“The Purse” by Stephanie A. Hart

Stephanie A. Hart


Just dump it,
she said
to herself. It’s
the only way.
She had
ten minutes,

ten minutes
after four years
of rushing:
was the moment

to clean her purse.

The purple
matchbox car
hit the table
Flanked by bits
of crayon
and straw wrappers,
errant pencil tips
and battered
baby barrettes were
the sweaty remains
of the morning’s
pre pre-K
peanut butter
on pumpernickel
a nearly empty,
ink-stained bottle
of hand sanitizer.
Nothing was hers.


Not the
crumpled bill given
to her daughter
and then jammed
into the purse
to “keep it safe.”
Not the
spare Spiderman socks.
Not even, really,
the sapphire
set in gold,
an heirloom
from her mother-in-law,
she had removed
when she learned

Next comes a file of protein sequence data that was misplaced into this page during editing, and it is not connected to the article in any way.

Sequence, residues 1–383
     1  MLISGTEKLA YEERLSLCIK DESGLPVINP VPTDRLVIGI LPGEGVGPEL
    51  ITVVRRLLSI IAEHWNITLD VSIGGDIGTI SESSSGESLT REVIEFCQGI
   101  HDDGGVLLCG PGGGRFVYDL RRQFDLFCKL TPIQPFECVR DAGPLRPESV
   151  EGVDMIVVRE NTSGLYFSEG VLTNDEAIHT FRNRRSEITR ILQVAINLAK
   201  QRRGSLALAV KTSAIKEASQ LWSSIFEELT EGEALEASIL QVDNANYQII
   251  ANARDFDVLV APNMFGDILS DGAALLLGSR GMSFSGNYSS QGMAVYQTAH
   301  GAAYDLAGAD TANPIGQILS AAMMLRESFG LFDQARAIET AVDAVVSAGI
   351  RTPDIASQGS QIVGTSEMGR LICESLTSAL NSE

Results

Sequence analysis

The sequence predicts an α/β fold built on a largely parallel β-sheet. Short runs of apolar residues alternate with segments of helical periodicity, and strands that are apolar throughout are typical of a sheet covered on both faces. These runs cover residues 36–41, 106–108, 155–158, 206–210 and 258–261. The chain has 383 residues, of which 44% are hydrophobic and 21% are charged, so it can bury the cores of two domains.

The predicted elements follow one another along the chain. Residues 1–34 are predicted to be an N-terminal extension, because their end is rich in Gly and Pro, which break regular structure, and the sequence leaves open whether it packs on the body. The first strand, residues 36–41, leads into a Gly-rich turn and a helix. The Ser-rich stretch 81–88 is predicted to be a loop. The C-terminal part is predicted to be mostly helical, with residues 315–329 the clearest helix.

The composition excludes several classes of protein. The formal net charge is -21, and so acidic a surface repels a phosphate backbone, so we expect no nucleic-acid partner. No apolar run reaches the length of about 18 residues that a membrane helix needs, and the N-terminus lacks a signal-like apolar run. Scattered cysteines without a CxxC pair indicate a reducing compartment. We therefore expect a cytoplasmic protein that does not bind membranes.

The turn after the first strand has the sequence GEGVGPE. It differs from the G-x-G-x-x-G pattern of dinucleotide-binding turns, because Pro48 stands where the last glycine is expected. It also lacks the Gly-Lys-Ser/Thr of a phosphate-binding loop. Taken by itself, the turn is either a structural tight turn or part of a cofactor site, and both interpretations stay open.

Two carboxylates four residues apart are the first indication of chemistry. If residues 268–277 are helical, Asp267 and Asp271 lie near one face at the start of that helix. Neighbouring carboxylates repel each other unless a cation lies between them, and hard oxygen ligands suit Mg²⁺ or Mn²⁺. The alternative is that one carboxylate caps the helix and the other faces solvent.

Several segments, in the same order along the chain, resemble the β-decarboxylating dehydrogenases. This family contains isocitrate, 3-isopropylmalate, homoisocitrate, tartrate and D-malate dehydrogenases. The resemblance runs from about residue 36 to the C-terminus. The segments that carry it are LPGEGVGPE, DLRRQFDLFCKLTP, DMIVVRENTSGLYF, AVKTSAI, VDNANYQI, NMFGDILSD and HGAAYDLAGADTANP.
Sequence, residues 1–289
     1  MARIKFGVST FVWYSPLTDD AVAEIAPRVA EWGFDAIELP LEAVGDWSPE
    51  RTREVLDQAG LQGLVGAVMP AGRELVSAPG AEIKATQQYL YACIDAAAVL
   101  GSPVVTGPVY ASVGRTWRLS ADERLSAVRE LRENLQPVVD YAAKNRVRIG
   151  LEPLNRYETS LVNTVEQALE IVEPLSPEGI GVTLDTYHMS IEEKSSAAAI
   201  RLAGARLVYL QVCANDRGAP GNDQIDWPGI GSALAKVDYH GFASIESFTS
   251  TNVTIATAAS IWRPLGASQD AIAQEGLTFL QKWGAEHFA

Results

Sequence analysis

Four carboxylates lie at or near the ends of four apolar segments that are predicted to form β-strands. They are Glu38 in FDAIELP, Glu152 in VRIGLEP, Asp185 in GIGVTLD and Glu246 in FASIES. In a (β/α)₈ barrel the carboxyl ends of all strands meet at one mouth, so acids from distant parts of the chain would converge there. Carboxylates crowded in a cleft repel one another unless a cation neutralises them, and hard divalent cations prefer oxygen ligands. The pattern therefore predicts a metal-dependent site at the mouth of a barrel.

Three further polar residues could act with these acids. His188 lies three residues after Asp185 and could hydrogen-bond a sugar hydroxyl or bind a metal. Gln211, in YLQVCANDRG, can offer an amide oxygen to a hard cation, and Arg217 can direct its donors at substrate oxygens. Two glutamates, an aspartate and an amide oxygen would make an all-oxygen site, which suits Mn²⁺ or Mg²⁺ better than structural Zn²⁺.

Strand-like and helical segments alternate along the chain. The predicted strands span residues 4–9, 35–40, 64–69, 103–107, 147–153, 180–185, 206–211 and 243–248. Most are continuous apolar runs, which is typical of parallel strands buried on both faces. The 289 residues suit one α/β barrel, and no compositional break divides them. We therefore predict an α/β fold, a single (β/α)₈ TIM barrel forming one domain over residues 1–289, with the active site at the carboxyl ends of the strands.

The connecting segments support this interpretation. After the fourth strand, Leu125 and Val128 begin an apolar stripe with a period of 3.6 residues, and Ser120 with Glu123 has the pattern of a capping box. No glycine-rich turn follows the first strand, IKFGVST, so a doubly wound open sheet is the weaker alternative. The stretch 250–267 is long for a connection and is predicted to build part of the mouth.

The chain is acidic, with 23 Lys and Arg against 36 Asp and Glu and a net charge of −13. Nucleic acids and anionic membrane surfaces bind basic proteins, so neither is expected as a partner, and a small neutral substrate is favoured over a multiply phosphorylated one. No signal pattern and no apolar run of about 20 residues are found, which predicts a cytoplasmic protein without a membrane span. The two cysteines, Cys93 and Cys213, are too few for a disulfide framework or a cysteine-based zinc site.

how easily
fine hair catches
in filigree.

the blue book.
What was that?
It wasn’t
a child’s book.
An address book?
A passport?
An unmarked passport.
A slim, plain blue
rectangle opening
from the bottom
no photo,
no stamps,
no identifying marks.

This was hers.

from Rattle #64, Summer 2019


Stephanie A. Hart: “I write poetry because I can’t stop myself. In every mundane action or interaction, we can find insight into ourselves or human nature or the world around us, if we take a moment to observe. Poetry gives me that moment. I wrote ‘The Purse’ when I challenged my workshop students to write a poem featuring a group of randomly selected mundane objects set together on the table in front of us, including a peanut butter sandwich which I had found in my purse wrapped in a ragged, brown paper towel and pulled apart to lie open-faced and gooey in our make-shift still life. ‘What happened to the peanut butter on pumpernickel?’ asked two of my students when I ran into them at lunch in the dining hall. I ate it.”

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